A Washington DC Cuban restaurant has been fined $7,000 for demanding a transgender woman show ID before using the ladies’ restroom.
Workers at a restaurant called Cuba Libre in the capital asked Charlotte Clymer for identification in June 2018 when she tried to use a women’s bathroom, then followed her inside and told her to leave.
Writing in a Twitter thread that has gone viral, Charlotte explained how when she went to use the restroom in the establishment, she was physically stopped by an attendant who demanded her ID to prove it said ‘female’.
Charlotte Clymer, a transgender woman and activist with the Human Rights Campaign, which advocates for LGBTQ equality, was asked to show identification June 22 when she tried to use a women’s restroom at Cuba Libre, a downtown Cuban restaurant and rum bar
Thread time: She took to Twitter to share her account of what happened at the restaurant
Noteworthy: Her June 2018 story about the Cuban restaurant and bar has since gone viral
When she refused to hand it over, citing a law that says this action was illegal, she was followed into the bathroom and eventually escorted out of the restaurant by force.
Clymer’s complaint see Cuba Libre pay a $7,000 penalty to the District for violating the act. The restaurant must also train staff on D.C. laws regarding gender identity and post signs that ‘all individuals are allowed to use the restroom that corresponds to their gender identity or expression’
The restaurant later apologized and says it has complied with requirements to train staff on district law and post signs saying people can use bathrooms aligning with their gender identity.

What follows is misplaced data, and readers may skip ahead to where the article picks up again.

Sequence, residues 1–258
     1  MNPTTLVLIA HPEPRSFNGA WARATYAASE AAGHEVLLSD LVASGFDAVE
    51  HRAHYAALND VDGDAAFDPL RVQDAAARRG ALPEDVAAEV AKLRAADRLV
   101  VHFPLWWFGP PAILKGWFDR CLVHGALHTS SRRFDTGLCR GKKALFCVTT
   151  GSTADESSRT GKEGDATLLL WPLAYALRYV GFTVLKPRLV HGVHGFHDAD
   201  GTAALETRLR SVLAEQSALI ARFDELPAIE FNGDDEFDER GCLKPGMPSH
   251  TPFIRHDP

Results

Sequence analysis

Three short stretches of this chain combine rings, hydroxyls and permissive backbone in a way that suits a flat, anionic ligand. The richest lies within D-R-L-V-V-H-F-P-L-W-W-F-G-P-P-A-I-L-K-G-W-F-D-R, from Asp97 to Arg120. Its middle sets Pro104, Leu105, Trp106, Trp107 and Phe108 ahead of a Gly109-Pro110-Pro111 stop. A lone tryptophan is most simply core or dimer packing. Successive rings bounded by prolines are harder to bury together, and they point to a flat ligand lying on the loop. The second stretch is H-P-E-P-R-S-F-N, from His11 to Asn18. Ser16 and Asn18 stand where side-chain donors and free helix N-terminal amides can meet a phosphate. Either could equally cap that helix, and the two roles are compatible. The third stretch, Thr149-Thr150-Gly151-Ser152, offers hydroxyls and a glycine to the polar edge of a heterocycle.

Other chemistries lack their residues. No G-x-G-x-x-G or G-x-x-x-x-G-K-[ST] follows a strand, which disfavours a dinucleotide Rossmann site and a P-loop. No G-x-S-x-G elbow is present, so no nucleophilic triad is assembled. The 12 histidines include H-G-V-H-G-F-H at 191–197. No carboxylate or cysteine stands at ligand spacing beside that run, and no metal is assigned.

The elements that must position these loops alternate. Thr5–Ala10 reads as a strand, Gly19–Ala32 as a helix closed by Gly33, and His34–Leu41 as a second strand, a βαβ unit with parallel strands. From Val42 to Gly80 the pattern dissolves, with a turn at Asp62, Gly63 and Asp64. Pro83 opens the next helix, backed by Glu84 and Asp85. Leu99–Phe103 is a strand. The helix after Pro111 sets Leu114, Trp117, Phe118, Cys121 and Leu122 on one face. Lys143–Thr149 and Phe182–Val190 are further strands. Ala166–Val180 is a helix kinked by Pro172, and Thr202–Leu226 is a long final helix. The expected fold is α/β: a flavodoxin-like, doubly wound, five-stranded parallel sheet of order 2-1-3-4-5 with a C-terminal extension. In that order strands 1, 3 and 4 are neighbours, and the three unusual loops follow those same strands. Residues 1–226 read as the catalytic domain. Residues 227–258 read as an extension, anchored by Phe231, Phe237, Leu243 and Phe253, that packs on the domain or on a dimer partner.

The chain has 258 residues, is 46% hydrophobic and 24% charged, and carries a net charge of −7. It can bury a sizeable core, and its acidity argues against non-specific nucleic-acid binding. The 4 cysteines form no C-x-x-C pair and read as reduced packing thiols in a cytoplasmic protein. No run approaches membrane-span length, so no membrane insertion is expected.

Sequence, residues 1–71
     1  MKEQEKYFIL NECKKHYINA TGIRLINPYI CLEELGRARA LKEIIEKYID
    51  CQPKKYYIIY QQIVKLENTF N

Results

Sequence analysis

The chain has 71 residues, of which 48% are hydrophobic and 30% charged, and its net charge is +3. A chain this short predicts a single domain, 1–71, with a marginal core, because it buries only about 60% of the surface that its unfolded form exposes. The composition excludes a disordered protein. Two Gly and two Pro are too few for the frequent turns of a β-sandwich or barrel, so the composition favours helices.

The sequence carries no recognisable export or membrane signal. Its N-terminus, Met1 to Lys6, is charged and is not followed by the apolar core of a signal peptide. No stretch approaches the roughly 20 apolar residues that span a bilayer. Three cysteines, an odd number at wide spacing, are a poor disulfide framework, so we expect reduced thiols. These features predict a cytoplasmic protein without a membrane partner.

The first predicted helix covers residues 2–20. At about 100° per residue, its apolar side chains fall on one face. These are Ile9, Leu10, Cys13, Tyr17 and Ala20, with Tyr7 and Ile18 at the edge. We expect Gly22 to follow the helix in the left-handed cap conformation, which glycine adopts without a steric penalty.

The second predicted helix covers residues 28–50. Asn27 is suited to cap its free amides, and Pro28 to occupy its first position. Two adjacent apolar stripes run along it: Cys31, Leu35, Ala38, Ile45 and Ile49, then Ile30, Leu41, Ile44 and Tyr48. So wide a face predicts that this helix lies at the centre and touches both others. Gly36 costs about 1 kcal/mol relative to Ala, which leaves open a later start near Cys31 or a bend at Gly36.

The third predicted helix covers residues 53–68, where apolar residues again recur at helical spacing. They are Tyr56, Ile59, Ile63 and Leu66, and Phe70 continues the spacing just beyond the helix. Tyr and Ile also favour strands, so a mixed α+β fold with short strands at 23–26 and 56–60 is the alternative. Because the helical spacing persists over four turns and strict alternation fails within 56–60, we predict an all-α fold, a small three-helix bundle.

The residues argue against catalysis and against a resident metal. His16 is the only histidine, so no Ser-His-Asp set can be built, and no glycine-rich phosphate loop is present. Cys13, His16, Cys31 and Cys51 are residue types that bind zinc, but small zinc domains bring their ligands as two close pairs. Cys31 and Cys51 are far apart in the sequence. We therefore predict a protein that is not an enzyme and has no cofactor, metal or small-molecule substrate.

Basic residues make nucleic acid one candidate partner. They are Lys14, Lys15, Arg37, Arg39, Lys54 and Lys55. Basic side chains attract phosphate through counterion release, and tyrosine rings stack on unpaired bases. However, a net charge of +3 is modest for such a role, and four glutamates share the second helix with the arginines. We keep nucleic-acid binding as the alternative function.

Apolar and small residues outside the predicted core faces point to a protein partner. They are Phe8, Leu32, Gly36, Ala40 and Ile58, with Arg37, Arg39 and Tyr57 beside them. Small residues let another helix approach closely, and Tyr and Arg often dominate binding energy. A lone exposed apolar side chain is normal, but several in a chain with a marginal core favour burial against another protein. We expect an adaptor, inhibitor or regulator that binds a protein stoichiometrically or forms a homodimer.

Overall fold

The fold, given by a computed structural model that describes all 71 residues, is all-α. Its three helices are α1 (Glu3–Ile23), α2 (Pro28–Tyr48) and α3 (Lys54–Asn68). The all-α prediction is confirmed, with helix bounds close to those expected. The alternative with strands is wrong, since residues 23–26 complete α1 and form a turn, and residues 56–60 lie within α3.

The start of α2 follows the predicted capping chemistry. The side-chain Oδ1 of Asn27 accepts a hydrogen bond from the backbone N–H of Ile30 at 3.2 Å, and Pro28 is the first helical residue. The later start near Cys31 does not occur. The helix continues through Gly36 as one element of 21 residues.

Cuba said in a statement that the restaurant performed the training and signage requirements, and also plans to offer training open to all D.C.-area restaurant employees to ‘help understand the challenges of the LGBTQ community.’
Along with the $7,000 penalty to the District for violating the act, the restaurant must also train staff on D.C. laws regarding gender identity and post signs that ‘all individuals are allowed to use the restroom that corresponds to their gender identity or expression,’
Washington D.C. Attorney General Karl A. Racine said that the District has settled with Cuba Libre over the violation of the D.C. Human Rights Act, which prohibits discrimination based on gender identity or expression in public accommodations.
Stop: After some time, she went to use the women’s restroom — which is when a male attendant blocked her and demanded to see her ID
Charlotte used the bathroom anyway, but says a man followed her in to look for her
Clymer called the settlement which sees the restaurant pay a $7,000 fine ‘a great outcome’
During the June incident, Clymer showed restaurant managers a government fact sheet which details the District Requirements in Public Accommodations — Gender Identity and Expression and references the DC Human Rights Act.
It reads: ‘District law requires two things with regard to access to public facilities: (1) single-occupancy bathrooms must be gender-neutral; and (2) facility managers and personnel must respect a person’s restroom choice based on their gender identification or expression.’
It further explains: ‘For instance, if an individual, who identifies or presents themselves as a woman, wishes to use the Women’s restroom, they must be permitted to do so even if the individual were to be perceived differently. Thus, under District laws, denying access to any restroom, or other gender specific facility that is consistent with a person’s gender identity or expression, is unlawful.’